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Economic Research: China's Deflating Recovery Still Needs Stimulus


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Economic Research: China's Deflating Recovery Still Needs Stimulus

China's real GDP growth in the second quarter was an upside surprise for us and the markets. At 3.2% compared with the same quarter in 2019, it suggests that China's economy is well on the road to recovery and could grow above 2% for the full year. This clearly poses upside risks to S&P Global Ratings' 1.2% forecast for 2020.

The monthly data paint a more nuanced picture, however. In particular, there is a striking contrast in the drivers of aggregate demand. Consider the higher frequency monthly data such as fixed asset investment, retail sales, and exports. They suggest that investment in infrastructure and real estate has driven the rebound up until now. In turn, this is lifting industrial production. Consumption remains weak. Retail sales are stabilizing but, even in June, remained below the levels recorded at the same time in 2019. Export growth stays patchy given the stuttering recovery in the rest of the world.

Chart 1


In our view a decisive pickup in consumer spending will be needed for the recovery to become self-sustaining. Specifically, we need to see retail sales growing at or above the trend 8% growth rate of recent years. This will happen next year because the annual changes will be compared with the sudden-stop economy of February and March of 2020. But don't be fooled by what might look like a dramatic recovery early next year, especially if spending through the second half of this year remains sluggish by recent standards.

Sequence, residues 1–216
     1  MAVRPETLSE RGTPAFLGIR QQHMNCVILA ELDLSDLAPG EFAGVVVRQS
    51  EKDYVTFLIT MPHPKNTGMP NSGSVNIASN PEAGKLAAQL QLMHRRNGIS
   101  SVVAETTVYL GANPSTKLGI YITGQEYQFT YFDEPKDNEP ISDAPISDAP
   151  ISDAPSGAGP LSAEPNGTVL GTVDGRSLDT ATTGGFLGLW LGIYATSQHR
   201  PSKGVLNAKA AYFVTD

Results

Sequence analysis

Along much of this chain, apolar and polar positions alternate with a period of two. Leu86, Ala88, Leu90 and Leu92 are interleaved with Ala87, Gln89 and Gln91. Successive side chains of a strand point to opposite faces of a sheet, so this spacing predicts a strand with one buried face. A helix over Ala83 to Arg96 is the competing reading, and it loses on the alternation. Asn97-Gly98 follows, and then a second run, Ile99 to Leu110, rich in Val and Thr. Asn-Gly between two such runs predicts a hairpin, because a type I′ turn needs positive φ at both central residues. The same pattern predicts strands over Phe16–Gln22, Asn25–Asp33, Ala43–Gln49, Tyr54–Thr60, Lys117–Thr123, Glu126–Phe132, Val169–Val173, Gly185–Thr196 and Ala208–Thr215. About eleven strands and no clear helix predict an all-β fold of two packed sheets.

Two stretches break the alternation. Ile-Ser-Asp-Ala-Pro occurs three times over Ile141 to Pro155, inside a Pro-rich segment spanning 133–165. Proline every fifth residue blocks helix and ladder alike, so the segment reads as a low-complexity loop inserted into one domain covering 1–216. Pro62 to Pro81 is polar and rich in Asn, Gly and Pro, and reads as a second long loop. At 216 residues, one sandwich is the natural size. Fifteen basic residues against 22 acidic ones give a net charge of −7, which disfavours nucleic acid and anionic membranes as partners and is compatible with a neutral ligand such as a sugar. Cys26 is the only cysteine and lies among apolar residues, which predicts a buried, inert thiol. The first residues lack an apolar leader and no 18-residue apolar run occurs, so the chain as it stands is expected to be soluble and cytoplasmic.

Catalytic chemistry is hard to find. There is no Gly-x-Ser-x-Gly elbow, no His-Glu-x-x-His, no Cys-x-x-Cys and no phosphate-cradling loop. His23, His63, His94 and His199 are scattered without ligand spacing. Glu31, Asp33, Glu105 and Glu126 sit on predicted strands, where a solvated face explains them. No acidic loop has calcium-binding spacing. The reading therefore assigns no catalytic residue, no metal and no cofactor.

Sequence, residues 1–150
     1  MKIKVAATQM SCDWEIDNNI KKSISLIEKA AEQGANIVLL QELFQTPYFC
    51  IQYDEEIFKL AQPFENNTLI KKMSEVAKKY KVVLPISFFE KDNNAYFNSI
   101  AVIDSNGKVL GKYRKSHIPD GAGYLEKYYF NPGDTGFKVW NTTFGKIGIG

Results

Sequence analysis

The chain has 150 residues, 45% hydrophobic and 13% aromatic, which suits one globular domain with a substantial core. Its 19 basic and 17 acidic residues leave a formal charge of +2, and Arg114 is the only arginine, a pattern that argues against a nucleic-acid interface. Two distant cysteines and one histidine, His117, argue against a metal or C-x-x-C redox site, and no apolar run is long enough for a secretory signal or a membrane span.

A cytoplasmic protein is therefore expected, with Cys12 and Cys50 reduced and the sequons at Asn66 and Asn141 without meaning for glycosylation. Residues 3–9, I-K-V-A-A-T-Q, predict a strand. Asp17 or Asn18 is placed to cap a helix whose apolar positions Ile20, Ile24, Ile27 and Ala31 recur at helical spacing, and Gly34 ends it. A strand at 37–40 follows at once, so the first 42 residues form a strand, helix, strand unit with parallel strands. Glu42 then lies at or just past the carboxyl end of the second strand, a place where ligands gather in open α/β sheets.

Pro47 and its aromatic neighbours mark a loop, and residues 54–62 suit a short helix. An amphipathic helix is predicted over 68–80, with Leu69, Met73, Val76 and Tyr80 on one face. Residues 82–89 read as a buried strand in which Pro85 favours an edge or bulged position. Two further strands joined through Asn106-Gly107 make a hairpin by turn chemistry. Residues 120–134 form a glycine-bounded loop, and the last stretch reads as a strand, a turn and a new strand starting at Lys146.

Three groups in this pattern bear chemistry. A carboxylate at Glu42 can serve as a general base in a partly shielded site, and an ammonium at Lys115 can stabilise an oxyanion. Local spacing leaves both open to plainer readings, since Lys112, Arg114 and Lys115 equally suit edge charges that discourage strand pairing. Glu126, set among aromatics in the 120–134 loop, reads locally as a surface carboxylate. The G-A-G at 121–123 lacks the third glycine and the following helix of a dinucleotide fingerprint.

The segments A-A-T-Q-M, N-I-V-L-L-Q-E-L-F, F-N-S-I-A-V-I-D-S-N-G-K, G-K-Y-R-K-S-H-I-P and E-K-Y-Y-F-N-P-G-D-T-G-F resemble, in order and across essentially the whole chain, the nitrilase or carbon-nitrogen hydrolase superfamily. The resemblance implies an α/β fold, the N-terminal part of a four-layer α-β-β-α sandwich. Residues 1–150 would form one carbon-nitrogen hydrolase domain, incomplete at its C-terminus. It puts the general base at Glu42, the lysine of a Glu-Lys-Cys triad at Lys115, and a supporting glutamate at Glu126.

Consumers Are Still Careful

Viewed through one lens, one might think that consumer confidence should be roaring back in China. COVID-19 remains contained, by and large, and the recent Beijing outbreak showed the government's test-and-trace strategy to be effective. The unemployment rate is falling. The housing market, where most household wealth is parked, remains buoyant. Even the equity market is having a good run, albeit with the inevitable ups-and-downs.

Household income growth is only slowly climbing off the floor, however. At just 1.5% for the second quarter for 2020, compared with the same period a year ago, income growth remains well below the near-8% trend to which households had become accustomed. Rural households are doing slightly better at 3.7%, and transfers to households rose by 8.2%. The National Bureau of Statistics (NBS) said price subsidy schemes and other temporary relief efforts boosted transfers. Still, the broad income shock experienced by China's consumers will take time to dissipate.

Chart 2


In part, a sluggish recovery in income reflects a soft jobs market. The surveyed unemployment rate is falling but, despite the efforts of the NBS, it might still be understating the degree of slack in the labor market. Officials have confirmed that migrant workers in cities are counted as unemployed if they are surveyed, but many of these migrants may already have returned to their home towns. Other indicators, such as the employment index of the service sector's purchasing managers' index (PMI) survey, suggested most employers were still shedding jobs in June.